7th Conf. on Atmospheric Chemistry


National Air Quality Forecasting Capability: Initial Operational Capability

Paula Davidson, NOAA/NWS, Silver Spring, MD; and N. Seaman, J. McQueen, R. Mathur, J. Hayes, and R. A. Wayland

Following Congressional direction, NOAA's National Weather Service (NWS) is implementing a National Air Quality Forecast Capability, with an initial domain over Northeastern US. The capability is based on partnering with EPA, who provides national emissions inventory data to NOAA for the forecast model as well as near real-time access to ozone air quality monitoring data for verification. The initial forecast capability links an adaptation of the Community Multiscale Air Quality (CMAQ) model, developed by NOAA/EPA researchers, with the Eta-12 mesoscale weather prediction model, running operationally at NWS' National Centers for Environmental Prediction. NWS issues gridded numerical Air Quality predictions as forecast guidance twice daily, with hour-by-hour predictions of both 1-hr and 8-hr averaged ground-level ozone concentration. EPA presents the forecast guidance in terms of the health-based Air Quality Index.

During the summers of 2003 and 2004, NWS integrated CMAQ modules into its operational supercomputing environment for real-time testing of the initial air quality forecast capability, for planned operational deployment over Northeastern United States in September, 2004. A focus group of state and local Air Quality forecasters provided feedback to developers on real-time testing, with special emphasis on community-specific performance and product utility. Verification results for 2003 demonstrate skill in predicting ozone exceedance levels. 2003 tests also demonstrate, for conditions generally cooler and rainier than average, a consistent bias in overpredicting ozone concentrations. To address the overprediction bias, model system improvements to Eta-CMAQ linkage, lateral ozone boundary conditions, updated emissions inventory data, and vertical mixing parameterziations have been tested and implemented in experimental forecast guidance issued in 2004. The improvements have significantly reduced the bias in predicted ozone concentrations.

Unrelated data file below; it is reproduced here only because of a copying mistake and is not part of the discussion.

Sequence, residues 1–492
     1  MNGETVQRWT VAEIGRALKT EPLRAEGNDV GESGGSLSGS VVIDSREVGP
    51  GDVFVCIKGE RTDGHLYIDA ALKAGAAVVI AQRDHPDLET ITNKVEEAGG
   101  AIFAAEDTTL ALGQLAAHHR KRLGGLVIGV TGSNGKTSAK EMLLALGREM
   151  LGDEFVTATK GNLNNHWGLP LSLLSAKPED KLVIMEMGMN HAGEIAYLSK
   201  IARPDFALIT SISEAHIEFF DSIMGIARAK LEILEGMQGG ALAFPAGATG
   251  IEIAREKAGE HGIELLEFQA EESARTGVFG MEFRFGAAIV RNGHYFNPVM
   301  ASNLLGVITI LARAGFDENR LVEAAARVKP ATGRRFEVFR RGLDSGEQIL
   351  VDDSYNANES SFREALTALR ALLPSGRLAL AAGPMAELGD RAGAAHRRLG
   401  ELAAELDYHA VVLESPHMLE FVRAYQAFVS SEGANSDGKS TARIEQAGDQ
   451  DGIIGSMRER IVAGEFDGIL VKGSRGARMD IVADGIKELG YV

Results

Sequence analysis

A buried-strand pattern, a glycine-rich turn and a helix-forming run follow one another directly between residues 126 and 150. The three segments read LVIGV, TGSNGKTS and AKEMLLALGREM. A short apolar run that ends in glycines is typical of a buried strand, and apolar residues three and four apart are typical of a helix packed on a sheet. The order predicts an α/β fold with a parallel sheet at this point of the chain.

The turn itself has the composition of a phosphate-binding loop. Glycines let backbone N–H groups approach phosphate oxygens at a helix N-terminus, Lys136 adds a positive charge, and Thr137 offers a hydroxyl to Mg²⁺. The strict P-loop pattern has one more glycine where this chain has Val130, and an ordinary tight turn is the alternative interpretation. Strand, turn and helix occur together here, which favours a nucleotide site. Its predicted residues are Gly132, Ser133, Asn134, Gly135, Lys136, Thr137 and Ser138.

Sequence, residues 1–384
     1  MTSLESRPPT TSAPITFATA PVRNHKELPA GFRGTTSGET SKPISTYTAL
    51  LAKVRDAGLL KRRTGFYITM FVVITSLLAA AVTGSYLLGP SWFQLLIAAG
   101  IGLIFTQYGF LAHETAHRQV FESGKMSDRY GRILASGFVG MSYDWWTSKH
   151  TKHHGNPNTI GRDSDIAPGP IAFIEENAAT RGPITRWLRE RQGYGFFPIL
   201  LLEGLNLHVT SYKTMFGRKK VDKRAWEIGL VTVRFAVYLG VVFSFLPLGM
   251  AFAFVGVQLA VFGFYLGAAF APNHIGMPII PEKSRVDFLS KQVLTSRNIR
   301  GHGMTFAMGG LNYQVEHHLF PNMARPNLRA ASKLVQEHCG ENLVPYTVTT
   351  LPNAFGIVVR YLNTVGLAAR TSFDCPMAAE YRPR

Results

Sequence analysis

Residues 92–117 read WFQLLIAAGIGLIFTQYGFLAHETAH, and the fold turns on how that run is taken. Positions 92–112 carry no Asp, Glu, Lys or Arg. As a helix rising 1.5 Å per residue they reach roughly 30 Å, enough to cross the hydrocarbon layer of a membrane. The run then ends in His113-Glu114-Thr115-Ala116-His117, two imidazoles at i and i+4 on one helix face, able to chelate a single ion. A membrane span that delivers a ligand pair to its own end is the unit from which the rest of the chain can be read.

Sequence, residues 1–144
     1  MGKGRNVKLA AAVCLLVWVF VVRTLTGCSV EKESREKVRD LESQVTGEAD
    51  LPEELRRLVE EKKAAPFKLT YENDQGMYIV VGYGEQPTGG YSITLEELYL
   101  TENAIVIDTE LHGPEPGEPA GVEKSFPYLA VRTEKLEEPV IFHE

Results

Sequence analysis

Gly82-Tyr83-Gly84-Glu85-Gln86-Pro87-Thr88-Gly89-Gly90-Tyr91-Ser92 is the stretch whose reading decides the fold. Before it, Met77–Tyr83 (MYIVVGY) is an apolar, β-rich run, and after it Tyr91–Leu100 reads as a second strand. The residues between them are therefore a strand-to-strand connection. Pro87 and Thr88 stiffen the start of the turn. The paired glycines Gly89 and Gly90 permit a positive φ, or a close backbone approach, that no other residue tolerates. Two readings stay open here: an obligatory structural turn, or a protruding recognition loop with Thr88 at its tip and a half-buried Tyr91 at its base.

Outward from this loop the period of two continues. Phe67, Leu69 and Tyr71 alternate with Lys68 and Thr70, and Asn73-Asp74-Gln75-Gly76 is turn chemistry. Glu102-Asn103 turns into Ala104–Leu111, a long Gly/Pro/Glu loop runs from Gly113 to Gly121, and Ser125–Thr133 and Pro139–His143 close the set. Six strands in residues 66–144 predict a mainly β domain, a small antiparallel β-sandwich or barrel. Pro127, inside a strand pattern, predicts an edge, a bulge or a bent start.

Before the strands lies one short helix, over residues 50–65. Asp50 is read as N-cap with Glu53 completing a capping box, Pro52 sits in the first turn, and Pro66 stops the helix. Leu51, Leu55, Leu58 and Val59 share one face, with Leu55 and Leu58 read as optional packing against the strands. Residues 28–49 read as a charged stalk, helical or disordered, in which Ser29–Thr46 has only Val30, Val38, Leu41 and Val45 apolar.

The NOAA and EPA guidance will serve as a standard tool, ultimately Nationwide, for public and private, state and local forecasters who provide tailored air quality forecasts for their communities, and EPA who provides interpretive air quality health indices/alerts.

Session 4, Air Quality Forecasting - Aerosols and Ozone
Thursday, 13 January 2005, 8:30 AM-5:00 PM

Previous paper  Next paper

Browse or search entire meeting

AMS Home Page